£1 will always be worth £1. If you devalue £1 you still have £1. That is the point Harold Wilson tried to put across when attempting to sell the devaluation of sterling to the British public. He conveniently overlooked that if measured in US Dollars or French Francs, £1 was worth less.
The world was a lot less globalised in 1967, so it was worth the political punt. Hopefully no politician would treat the British public as being so naive today. They are now used to the effects of currency movements on the cost of their holidays and the price of fuel at their petrol station.
In these turbulent times we see the value of our pensions go up and down like yo-yo’s. Most of the assets we hold in our pensions are traded through market makers – people who buy and sell the stocks and bonds we hold.
At any moment in time, the market makers set the price they are willing to buy and sell at. They take a view of what the latest economic or company data means for a particular stock or bond. Generally, news that will reduce growth in the economy will mean a reduction in value of stocks. However, if the authorities try to stimulate the economy through reduced interest rates or fiscal stimulus, the value of stocks rises. Bonds values also rise as investors respond to lower redemption yields.
Where there is not a market maker, the price of an asset can be more a lot more unpredictable. Antiques and works of art can be influenced by many factors including fashion. At the end of the day such assets are worth what someone will pay.
Another area where there is not a market maker is the housing market. We see data that provides national, regional or even post code changes in house prices. At the end of the day, if you are a seller, what you receive is what a buyer is prepared to pay.
A few years back a friend was buying a house for his son and family who had to move to another part of the country for work reasons. A property was empty allowing an immediate move in an ideal location. Two other buyers were willing to pay the asking price. The agent asked each of the buyers to provide a sealed bid. My friend secured the property by offering more than what he thought the others would be willing to pay. Even at that price he felt that economically he had got value from the house purchase.The seller was lucky they found the perfect purchaser for the house they were selling.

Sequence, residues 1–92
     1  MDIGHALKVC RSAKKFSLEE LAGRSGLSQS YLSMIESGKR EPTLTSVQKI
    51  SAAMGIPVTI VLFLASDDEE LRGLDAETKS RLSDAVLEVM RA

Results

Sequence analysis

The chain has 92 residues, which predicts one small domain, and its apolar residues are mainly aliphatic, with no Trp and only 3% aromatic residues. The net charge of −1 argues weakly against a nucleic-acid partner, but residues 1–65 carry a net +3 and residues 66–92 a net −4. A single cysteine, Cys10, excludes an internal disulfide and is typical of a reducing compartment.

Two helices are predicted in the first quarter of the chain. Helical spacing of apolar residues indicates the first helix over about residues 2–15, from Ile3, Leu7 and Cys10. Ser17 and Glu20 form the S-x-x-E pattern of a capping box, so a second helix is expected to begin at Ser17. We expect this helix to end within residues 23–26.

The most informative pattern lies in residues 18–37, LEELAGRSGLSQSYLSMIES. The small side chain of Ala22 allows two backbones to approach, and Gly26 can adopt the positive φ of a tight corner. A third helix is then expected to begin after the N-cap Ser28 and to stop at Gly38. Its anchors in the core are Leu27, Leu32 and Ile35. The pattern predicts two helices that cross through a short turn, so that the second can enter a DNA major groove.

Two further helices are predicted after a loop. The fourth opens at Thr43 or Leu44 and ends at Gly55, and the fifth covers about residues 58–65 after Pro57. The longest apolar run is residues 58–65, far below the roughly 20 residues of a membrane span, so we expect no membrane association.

We are in unusual times. The government has as good as closed down the housing market for three months if not more. What will the market be like when things return to normal?
To answer that question, we need to understand how many buyers there will be and how many will sell. Without doubt the economy will retrench, this and lenders’ caution will cause house prices to fall. Before the closure we were already seeing lenders withdraw their higher LTV mortgage products. It will need a return of lender confidence in valuations before they return. This is important as many potential buyers may use some of their savings for a deposit during the crisis.
Will sellers expect to sell at pre-virus prices? If they are disappointed, will some quickly withdraw from the market?
It may take a few months if not longer before the true number of realistic buyers and sellers becomes known, valuations stabilise and the market can move forward. Whatever this means for the various house price indexes, one thing remains. For a particular house its value is what someone will pay to buy it.
The equity release market also depends upon house valuations. We may see an uplift in demand for equity release caused by those living off income drawdown worried about the impact of continuing to draw income on the value of the investments they are drawing down from.
The house value will influence the risk the lender is taking on by providing no negative equity or inheritance guarantees. In the absence of a reliable valuation, the lender may need to be able to make a conservative judgement on what the property’s value is.
This may not be helpful to those who require a large lump sum. However, for someone who wants to substitute income while giving their income drawdown portfolio some respite this may not be much of an issue.
So, an advance to cover three years’ income of £50k will take 21 years before that loan has reached £100k, assuming 3.5% compound interest. Even if house prices drop 50% after 21 years of recovery, very few houses will then be worth less than £100k.
If equity release can be used to protect the sustainability of an income drawdown portfolio, what value does that make the house worth to its owner?
Bob Champion is chairman of the Air Later Life Academy